Figure 3 Dental casts are constructed to allow for accurate and reproducible positioning of the resonator on the tooth or teeth of interest. Panel (a) shows the base of a cast coupled to the dentition with the resonator in place, the tooth-mating surface of the (more ...)
Once the resonator has been installed, the subject bed is rolled into the magnet so the tooth of interest and the detection loop of the resonator are positioned near the center of the magnet (). A pair of modulation coils that are fixed on arms that mount to the magnet frame are positioned such that the tooth lies along the axis defined by the coils. These coils are capable of providing modulation amplitudes of up to 5 G peak-to-peak. As the current coils are far from the Helmholtz configuration, due to geometrical constraints, they are significantly nonuniform. The modulation amplitude increases as the region of interest gets closer to either coil, increasing by up to 25% within a 4 in diameter central volume. Such nonuniformity can lead to substantial variation in the signal amplitude as the location of tooth varies from side-to-side or between subjects. In order to address this potential source of error, we have implemented a reference standard measurement which provides the modulation amplitude at the base of the detection loop.
The reference standard consists of a single small crystal of lithium phthalocyanine (LiPc) with a natural Lorentzian linewidth of 40 mG contained in an evacuated capsule. The amount of LiPc is large enough that its signal is much larger than that of an irradiated tooth, but spectra can be acquired with all the same instrumental settings (e.g., sensitivity and gain) as those used for measurements of the tooth alone. This capsule is fixed at the end of retractable rod that runs parallel to the transmission lines of the resonator. At the onset of a tooth measurement the rod is pushed forward such that the LiPc sample is at the proximal edge of the detection loop. After installing and tuning the resonator, a small set of spectra are acquired with 20 dB attenuation of the 100 mW of incident power used for tooth measurements and a nominal modulation amplitude of 4.0 G. These spectra are then analyzed using a least-squares fit with a spectral model that incorporates the effects of modulation amplitude and frequency (Robinson, et al., 1999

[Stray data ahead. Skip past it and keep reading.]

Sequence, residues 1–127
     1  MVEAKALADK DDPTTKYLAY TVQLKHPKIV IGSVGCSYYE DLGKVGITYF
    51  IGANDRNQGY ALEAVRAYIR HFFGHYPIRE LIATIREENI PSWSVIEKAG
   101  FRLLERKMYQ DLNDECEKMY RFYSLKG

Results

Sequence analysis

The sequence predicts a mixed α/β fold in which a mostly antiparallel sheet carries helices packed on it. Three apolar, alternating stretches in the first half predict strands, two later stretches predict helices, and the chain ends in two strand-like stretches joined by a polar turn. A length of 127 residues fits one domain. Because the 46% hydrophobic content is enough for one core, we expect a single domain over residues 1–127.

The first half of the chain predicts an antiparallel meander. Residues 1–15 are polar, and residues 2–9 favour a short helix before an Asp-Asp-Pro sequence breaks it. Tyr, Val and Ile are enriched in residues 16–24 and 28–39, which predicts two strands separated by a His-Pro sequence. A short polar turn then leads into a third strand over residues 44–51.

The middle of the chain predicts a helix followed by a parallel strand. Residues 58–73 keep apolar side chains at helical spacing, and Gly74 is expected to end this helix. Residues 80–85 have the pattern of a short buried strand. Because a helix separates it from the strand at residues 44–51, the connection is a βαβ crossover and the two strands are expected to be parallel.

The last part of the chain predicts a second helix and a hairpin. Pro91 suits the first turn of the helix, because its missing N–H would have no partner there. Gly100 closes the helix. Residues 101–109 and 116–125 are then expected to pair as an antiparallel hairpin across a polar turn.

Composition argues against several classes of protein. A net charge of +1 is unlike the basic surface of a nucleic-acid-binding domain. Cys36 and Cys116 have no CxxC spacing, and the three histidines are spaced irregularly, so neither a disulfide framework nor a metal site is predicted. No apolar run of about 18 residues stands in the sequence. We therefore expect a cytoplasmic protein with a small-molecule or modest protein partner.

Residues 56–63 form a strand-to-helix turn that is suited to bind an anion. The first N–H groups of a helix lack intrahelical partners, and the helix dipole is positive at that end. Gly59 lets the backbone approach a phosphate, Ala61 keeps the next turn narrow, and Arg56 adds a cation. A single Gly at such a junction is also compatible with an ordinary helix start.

). With a known fixed natural linewidth, the modulation amplitude is treated as an adjustable parameter during the spectral fitting, resulting in a direct measurement of the modulation amplitude at the detector loop. Using this measurement, the amplitude of the low frequency source can be adjusted to set the modulation amplitude at the tooth to the desired value of 4.0 G. With this adjustment completed, the LiPc sample is removed from the sensitive volume of the resonator by retracting the supporting rod and the RF power is returned to 100 mW for tooth measurement. The removal of the LiPc standard does not affect the position of the resonator detection loop or significantly affect the loaded Q
of the resonator. In addition to providing the modulation amplitude, development is underway to also use the LiPc reference standard to provide a measurement of the amplitude of the B1
magnetic field generated by the resonator. With online fitting of the LiPc spectra, this measurement and adjustment of the modulation amplitude can be completed in approximately 1 min.
Finally, a larger set of spectra are acquired of the dosimetric tooth signal. Typically, 60 scans are acquired with a 3-sec sweep time, 25 Gauss scan range, 100 mW of incident power, with 1024 points and a 30 ms time constant. Including the delays between scans, these scans are completed within 4 minutes. Longer measurements, with increased averaging, can be performed to increase the signal-to-noise ratio; this might be especially useful after an initial screening has placed most subjects into appropriate categories, enabling measurements to be made more precisely when the initial result was borderline. Using the data acquisition methodology described here and the data analysis techniques described by Demidenko et al. (Demidenko, et al., (In Press)
) in vivo
dosimetry measurements have been performed in normal volunteers with irradiated single-tooth dentures with standard error of prediction equal to ±184 cGy. Averaging similar measurements made on 3 days reduced this standard error of prediction to ±46 cGy. Refinements to this methodology are continuous, and it is expected that the error of prediction can be reduced substantially. The most straightforward improvement is the simultaneous measurement of multiple irradiated teeth to increase the signal to noise ratio. This approach is currently being investigated in measurements of volunteers who have completed courses of radiation therapy that resulted in significant doses to the teeth.